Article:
Is graphene harmful?
At The University of Manchester many areas of graphene research are studied: composites and coatings, electronics, energy storage… One field of research, currently being conducted here is biomedical applications.
Although within the initial stages this area of graphene research has the potential to make a significant impact on people’s lives through drug delivery, cancer therapies and biosensing.
Can you describe how your work relates to graphene?
I really look at the safety of graphene, so I’m trying to understand if there are any ways that graphene or its derivatives could be harmful to human health. My research is about mimicking the potential applications of graphene, to see if inhalation, exposure on the skin, etc., could have an impact on the human body. In principle, graphene – if released as an airborne particle – may pose the same kind of risk as other particles present in the environment around us. I am trying to understand whether graphene could be more damaging for lungs than particles from the motorways for instance.
Is this a big area of the research around graphene?
In Manchester there is a lot of work on applications for graphene. There is also research on bio-medical applications for graphene, so I’m looking both in terms of environmental or occupational exposure and bio-compatibility, when you want to use graphene in the human body, at the surface of implants for example. When you want to use a material in the body, the first question you must ask is “Is it safe or not?”
How does the University of Manchester’s work on graphene fit with research in the wider world on this material?
Everything is just beginning in this field, so it’s difficult to tell how things will develop. In terms of my work around the safety of graphene, that’s a mandatory question that must be answered before any product is released, so this is definitely needed. Work on graphene safety is performed everywhere in the world, it is also part of the large European project called Graphene Flagship.
What do you most enjoy about your research? What drives you?
Finding interesting and not expected results! If you can only find very basic reactions when you expose tissue to the specific material, it can be boring. But when you start to see something that is kind of unique, where the results are not flat, that is really interesting, and then we try to find out what’s really going on.
What inspired you to get into science in general, and this field specifically?
I always knew that I wanted to do research. Even when I was training to be a medical doctor, I was planning to be able to use that training to do research. In terms of working on graphene, it’s a long story! I was studying the toxicology of heavy metals, then I moved to bio-compatibility of materials, and nanotechnology was already being used – nano-coating, etc. – so that’s how I started to learn about nanomaterials. I then started working on carbon nanotubes, and that led naturally to graphene.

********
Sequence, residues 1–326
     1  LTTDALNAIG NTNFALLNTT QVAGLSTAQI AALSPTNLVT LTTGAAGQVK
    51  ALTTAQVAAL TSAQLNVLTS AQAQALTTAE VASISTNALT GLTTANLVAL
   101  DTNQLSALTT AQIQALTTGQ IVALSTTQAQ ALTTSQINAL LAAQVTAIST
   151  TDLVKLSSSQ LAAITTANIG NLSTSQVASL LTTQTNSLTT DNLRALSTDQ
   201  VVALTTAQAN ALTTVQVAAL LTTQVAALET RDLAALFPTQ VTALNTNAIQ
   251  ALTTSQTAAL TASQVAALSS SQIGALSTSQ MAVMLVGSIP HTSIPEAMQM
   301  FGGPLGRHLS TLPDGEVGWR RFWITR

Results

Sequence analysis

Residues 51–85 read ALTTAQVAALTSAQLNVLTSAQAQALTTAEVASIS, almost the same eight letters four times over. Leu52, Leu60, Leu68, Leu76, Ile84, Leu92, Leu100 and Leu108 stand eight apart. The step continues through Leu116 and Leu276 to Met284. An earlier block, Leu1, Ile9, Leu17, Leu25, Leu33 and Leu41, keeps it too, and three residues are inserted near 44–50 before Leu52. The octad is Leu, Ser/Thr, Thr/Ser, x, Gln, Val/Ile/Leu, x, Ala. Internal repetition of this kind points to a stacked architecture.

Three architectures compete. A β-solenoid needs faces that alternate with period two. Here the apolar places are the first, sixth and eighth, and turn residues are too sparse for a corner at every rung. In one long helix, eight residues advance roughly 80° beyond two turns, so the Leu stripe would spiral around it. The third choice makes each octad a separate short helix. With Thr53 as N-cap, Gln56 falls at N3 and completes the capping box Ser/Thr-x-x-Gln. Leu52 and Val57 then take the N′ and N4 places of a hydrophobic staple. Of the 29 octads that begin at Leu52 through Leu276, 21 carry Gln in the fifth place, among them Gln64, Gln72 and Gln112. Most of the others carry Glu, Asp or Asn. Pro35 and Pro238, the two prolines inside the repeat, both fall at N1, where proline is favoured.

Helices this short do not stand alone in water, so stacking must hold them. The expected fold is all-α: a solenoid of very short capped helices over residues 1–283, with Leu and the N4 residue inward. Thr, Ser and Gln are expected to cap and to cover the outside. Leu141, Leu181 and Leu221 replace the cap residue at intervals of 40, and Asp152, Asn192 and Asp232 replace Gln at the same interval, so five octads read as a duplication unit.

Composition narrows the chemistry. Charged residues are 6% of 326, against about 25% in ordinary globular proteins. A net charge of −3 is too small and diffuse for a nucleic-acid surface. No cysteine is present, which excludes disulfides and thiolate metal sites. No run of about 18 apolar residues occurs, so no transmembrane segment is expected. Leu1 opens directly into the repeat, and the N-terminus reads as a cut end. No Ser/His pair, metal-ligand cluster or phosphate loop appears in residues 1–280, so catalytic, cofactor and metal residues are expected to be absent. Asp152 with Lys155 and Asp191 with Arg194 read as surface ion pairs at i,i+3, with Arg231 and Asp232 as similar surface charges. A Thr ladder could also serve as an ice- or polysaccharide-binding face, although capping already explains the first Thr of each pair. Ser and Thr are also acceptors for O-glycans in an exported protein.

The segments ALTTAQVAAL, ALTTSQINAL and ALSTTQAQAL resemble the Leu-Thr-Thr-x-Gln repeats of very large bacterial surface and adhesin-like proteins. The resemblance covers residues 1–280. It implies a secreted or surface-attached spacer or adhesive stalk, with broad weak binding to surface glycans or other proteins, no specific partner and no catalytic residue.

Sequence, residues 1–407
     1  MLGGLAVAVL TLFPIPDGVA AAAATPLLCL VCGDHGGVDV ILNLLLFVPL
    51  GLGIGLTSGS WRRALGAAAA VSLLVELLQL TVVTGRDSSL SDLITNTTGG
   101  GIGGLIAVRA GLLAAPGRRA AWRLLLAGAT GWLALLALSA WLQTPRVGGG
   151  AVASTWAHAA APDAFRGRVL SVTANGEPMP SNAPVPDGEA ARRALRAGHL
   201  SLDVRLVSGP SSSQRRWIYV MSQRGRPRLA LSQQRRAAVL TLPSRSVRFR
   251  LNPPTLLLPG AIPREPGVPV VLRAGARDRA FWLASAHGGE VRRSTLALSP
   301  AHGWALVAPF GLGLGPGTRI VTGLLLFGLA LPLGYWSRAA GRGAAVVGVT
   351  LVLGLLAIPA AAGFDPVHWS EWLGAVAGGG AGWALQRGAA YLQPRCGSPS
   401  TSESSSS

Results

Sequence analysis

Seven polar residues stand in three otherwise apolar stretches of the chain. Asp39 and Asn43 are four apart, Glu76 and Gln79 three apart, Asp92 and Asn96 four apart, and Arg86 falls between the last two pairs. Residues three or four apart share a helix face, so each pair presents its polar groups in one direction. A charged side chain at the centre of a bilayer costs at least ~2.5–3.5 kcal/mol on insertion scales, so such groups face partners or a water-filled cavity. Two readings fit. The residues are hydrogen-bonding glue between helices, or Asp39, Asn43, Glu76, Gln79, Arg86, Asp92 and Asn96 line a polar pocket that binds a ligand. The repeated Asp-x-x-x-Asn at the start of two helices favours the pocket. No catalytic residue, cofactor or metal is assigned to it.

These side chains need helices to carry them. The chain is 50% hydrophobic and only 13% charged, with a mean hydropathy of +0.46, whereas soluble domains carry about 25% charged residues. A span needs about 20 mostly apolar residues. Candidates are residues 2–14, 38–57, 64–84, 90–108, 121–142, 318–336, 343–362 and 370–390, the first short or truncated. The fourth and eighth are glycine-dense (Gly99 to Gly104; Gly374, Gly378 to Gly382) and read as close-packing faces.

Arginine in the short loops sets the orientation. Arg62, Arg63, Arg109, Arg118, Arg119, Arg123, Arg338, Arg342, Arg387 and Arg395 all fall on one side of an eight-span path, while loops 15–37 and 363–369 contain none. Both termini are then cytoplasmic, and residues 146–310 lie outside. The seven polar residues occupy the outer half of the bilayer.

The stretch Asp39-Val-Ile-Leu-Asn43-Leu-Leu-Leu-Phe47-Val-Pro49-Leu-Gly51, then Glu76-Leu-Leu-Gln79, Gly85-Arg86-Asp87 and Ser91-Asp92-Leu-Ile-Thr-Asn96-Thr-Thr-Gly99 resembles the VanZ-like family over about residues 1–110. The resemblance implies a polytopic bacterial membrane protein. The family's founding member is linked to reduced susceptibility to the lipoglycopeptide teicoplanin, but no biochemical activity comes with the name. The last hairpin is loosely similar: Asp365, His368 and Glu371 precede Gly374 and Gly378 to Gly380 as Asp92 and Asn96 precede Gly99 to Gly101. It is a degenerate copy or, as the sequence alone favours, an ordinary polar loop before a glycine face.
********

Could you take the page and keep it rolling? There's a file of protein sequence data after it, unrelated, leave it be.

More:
Where do you see the graphene industry going in the next five years, and also in the next twenty years?
In five years, the immediate applications will have no boundaries. This is where you can produce applications that don’t need approvals processes from the authorities. All the biomedical applications though, even if they look very positive, will take more like ten to twenty years to work through those processes. Even the biosensors will need approvals that will take some time to agree.
In the short term, graphene in composites will be the big area of growth. This is graphene as part of a compound, for instance mixed with a polymer, which becomes more resistant to heat, electro-conductive, stronger etc. Carbon fibre will probably be replaced by graphene in this way, for example in the tyre industry. This is already the case for many sporting goods.
Are you optimistic about graphene’s development and application in the areas that you work with?
That’s really a guess of course. It’s hard to know how the pharmaceutical companies will work with graphene, following research like mine. You need to show something that is really better than what they already have.
And finally, how do you find being based in Manchester and working at The University of University?
There is a lot of support for new lecturers like me – The fact they have a proper program to support new academics is very useful. Also there are good connections between the different departments and faculties, which is not something we had when the Lab was based in London. In this way, we were more isolated. Here even if you are based in one building, you can easily have connections with other departments. When I’m looking for new cells to do cell culture, for example, I just email a message out and people respond from places even far away in the MRI hospital.